It was a party 60 years in the making, even if it had to be delayed an extra year.

The United Way of Johnson County celebrated its milestone anniversary one year late on Monday, after pandemic safety precautions forced organizers to cancel last year’s annual meeting. The anniversary was belated, but that didn’t dampen the spirit of the event.

In addition to recognizing its long history, United Way supporters took pride in the fact that the organization was able to help more people than ever during increasingly trying times. More than $1.4 million came in for the United Way — a record for the organization.

“We’re going to celebrate it today, take advantage of it today, and recognize it with a birthday theme,” said Rob Brown, United Way volunteer.

What would become the United Way of Johnson County was born on May 9, 1961. Community and agency leaders from throughout the county had been working to create a United Fund, a central fundraising organization that would support community programs that weren’t being funded at the time.

The first campaign was held in the fall of 1961, which kicked off with a parade. Organizers raised more than $43,000 to be split up among organizations such as the American Red Cross, Boy Scouts of America, Campfire Girls, Girls Scouts, the Johnson County Mental Health Association and the Salvation Army.

Over the past 61 years, $21 million has been allocated to help Johnson County partner agencies.

The 2021-2022 campaign generated $1,466,949, which was short of the organization’s goal amount of $1,505,000, but still significant for the community, said Steve Powell, campaign chair for the United Way of Johnson County.

“We did much better than last year, and as I mentioned earlier, we continue to serve 17 much needed nonprofit human service agencies in the county, and eight separate programs. Thank you to all of your companies, individuals, who have given so generously this year,” he said.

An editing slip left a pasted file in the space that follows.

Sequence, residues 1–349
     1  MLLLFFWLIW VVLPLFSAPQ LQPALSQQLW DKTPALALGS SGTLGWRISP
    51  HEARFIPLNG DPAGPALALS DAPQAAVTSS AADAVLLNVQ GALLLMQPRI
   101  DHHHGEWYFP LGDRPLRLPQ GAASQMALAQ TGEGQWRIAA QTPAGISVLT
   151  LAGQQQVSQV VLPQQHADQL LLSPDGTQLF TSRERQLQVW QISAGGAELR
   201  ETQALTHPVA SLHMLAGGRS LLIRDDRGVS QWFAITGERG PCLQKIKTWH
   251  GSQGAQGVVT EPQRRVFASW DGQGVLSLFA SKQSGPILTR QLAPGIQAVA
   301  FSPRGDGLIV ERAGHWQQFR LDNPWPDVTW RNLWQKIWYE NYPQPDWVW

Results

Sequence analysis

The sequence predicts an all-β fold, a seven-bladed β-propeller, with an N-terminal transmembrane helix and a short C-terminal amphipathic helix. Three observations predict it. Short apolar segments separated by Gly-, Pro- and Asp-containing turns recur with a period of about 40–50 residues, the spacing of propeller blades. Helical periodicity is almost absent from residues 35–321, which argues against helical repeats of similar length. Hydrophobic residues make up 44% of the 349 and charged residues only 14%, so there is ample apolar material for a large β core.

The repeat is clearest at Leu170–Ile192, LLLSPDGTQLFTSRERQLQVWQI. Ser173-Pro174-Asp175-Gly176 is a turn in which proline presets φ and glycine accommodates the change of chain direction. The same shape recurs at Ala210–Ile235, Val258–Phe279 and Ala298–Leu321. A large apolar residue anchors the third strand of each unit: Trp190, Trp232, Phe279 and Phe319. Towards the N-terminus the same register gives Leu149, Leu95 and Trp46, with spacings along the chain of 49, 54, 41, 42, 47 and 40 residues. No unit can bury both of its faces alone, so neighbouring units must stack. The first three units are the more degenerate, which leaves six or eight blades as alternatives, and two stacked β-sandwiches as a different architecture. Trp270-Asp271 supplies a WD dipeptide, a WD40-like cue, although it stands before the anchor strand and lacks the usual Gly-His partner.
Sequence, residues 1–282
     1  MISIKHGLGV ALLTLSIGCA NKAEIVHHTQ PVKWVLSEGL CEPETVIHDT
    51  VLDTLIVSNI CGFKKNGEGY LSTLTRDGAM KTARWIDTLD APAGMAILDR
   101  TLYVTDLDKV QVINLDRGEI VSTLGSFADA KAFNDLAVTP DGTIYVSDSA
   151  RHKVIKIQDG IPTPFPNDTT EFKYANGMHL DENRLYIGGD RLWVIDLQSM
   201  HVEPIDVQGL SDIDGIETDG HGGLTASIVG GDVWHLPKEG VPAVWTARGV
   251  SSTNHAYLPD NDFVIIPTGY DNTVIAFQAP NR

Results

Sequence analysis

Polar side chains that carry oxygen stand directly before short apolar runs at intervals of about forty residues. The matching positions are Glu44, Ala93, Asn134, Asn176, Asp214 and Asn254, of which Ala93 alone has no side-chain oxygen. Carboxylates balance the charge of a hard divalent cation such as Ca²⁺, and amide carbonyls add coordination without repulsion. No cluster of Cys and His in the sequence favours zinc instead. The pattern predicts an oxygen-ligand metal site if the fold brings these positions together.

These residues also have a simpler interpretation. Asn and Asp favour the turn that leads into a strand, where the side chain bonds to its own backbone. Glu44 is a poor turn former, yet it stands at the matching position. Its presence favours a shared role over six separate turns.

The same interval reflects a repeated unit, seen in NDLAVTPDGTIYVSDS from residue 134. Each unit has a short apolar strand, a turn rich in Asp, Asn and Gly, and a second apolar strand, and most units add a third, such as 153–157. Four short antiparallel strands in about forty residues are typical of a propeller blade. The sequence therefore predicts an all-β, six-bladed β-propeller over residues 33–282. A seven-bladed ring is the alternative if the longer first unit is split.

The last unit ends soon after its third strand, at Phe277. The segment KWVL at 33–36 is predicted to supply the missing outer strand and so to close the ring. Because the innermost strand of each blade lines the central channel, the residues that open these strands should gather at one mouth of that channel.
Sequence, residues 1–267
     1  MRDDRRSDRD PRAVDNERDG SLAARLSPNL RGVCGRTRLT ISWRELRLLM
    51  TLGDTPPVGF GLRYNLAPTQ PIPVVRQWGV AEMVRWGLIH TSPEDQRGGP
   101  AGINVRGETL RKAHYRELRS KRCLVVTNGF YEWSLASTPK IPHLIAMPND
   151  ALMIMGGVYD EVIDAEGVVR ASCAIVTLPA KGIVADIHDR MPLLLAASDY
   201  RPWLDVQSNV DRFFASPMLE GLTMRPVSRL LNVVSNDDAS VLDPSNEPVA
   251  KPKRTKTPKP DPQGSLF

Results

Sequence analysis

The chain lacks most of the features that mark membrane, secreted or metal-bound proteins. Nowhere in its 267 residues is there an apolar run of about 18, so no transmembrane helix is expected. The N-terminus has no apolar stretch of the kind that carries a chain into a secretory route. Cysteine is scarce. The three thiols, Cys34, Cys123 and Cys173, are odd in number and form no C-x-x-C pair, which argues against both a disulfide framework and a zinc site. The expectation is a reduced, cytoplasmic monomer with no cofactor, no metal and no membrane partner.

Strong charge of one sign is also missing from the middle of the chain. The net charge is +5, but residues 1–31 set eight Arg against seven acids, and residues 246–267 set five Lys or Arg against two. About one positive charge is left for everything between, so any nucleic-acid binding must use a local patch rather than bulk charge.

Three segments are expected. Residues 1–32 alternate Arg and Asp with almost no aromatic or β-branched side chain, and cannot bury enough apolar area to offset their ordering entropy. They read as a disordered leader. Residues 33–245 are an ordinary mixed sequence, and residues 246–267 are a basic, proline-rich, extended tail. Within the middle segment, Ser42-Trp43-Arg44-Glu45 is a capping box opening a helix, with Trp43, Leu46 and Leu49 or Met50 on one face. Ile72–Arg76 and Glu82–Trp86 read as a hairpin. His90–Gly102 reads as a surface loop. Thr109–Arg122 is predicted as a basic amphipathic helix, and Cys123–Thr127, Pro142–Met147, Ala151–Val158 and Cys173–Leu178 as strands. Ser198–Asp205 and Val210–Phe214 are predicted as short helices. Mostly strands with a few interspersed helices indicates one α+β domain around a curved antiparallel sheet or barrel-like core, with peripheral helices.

The United Way of Johnson County is a nonprofit organization looking at the needs of the community, raising the funds and allocating those funds appropriately in order to meet the pressing needs of county residents. They support 17 agencies, including Gateway Services, Johnson County Senior Services and KIC-IT.

In addition, the group offers annual programs, from the Christmas Angels holiday give-away to the Operation Bundle Up coat distribution to the Fast Track school supply drive. Those programs help the neediest and most vulnerable members of the community.

“These agencies and programs provide valuable services. These services could be teaching young girls to be confident and smart so they can change the world, or providing senior citizens with transportation so they can see family and friends, or accompanying someone who is homeless, working with them to find a permanent place to live,” said Darin Hoggatt, Greenwood fire chief and board president of the United Way.

United Way organizers gathered more than 200 people at Garment Factory Events in Franklin to highlight those efforts, and thank all of the businesses and individuals who donated to the annual campaign.

A central point of emphasis was the United Way’s response to the COVID-19 pandemic since 2020. The agency as able to provide a mix of budget assistance, connection to resources, case management and financial assistance to people who needed it during the pandemic.

“There was no question that the United Way of Johnson County had to serve our community. We had to implement the economic assistance plan Navigating COVID-19. We had to figure out how to keep our programs going, because kids still needed coats and our agencies still needed money,” said Nancy Lohr Plake, executive director of the United Way of Johnson County.

Through the effort, 1,227 individuals were prevented from homelessness. Of those who received help during the pandemic, 75% were employed upon leaving case management, and 88% had a sustainable income, Hoggatt said.

The United Way provided financial assistance for 1,664 individuals, distributing more than $857,000.

In addition, another $376,544 was distributed to local organizations and agencies to help purchase personal protective equipment, and allow them to continue addressing issues such as education, mental health, isolation of the elderly and child care.

“It was a huge task, but we were very honored to serve our community during one of the most difficult times in our country’s history,” Hoggatt said. “We thank all of you for having confidence in our organization.”